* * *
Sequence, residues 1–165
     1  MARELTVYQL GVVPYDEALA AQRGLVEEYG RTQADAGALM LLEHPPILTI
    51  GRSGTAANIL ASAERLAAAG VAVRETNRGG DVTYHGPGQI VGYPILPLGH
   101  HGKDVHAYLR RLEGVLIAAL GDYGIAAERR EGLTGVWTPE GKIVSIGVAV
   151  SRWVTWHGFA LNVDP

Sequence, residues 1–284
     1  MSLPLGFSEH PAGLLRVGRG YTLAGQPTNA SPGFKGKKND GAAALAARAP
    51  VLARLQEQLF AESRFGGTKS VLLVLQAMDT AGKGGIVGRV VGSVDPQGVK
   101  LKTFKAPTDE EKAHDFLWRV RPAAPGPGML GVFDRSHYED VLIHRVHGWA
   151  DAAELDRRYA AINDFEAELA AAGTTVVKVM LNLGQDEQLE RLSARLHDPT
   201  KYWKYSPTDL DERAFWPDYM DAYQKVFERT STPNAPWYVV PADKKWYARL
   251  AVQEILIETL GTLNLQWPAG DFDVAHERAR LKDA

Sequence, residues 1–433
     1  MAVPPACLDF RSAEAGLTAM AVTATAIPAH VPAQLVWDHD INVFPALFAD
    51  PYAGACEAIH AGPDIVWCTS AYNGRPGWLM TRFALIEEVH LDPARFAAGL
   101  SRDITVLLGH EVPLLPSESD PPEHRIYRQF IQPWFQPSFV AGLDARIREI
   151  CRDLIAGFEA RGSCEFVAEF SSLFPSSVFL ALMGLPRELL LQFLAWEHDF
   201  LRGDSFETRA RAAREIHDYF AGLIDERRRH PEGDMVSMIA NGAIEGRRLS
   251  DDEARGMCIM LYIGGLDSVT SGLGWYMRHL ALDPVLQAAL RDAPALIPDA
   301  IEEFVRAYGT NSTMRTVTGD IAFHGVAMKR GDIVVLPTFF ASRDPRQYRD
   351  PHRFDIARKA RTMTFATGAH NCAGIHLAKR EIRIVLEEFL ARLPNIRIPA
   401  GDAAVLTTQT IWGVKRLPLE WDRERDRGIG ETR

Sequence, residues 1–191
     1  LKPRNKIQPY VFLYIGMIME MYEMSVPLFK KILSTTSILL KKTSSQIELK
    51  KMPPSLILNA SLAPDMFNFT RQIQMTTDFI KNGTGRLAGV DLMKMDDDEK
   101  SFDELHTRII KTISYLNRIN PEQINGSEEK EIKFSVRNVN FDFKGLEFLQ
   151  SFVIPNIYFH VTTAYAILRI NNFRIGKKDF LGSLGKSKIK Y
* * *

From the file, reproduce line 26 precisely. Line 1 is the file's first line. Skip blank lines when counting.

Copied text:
   101  SFDELHTRII KTISYLNRIN PEQINGSEEK EIKFSVRNVN FDFKGLEFLQ